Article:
The Trump administration has also placed tariffs on goods coming from Canada, Mexico and the European Union as part of its strategy during trade negotiations. Tariffs were met with outcry from affected countries, which have been longtime trading partners of the United States.
Moore said his main concern is what ongoing tariffs could mean long term for the company’s new campus.
“Our concern is less specific to China. It’s to the overall tariff situation globally,” Moore said. “At the end of the day, half of our volume is intended for export. If we’re inhibiting the free flow of trade between different regions, of course that’s a concern. Not a short-term concern, but longer term as we get into mid- to the second half of next year, it will be a concern for us.”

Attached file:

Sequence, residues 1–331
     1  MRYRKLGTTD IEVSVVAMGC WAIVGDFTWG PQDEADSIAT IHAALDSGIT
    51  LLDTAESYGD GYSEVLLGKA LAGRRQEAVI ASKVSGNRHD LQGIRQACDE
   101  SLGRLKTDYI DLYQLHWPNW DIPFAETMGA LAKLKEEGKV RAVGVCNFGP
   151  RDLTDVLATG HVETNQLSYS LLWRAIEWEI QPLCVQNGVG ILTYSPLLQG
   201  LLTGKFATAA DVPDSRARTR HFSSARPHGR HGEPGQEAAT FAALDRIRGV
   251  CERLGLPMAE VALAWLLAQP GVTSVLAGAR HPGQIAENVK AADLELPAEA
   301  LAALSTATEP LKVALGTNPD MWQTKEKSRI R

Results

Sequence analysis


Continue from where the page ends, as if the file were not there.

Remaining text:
The Sweden-based, Chinese-owned company invested $500 million along with the state to build Volvo’s automotive manufacturing campus in a rural area off exit 187 along Interstate 26.
The automaker has spent years building out the site, creating a supplier base and hiring and training workers — all in an effort to launch its first car manufacturing operations in the United States and to bolster previously stagnant domestic sales.
Around 2,000 people will work to produce the S60 on the site by next year. Sales teams from Volvo retailers throughout North America have undergone on-site training this fall ahead of S60s arriving at their dealerships in the coming weeks.
Numerous Volvo officials — including Volvo Cars President and CEO Hakan Samuelsson, Lex Kerssemakers, Volvo’s senior vice president of global commercial operations, and Moore — have said they are opposed to any tariffs that slow or stifle trade, particularly after the opening of the company’s first U.S. car plant.
Most advanced manufacturers that have global operations rely on open markets to access an international supplier network and customer base. Volvo has five facilities in China, including two car plants and an engine plant, several sites in Europe and now a car plant in the United States.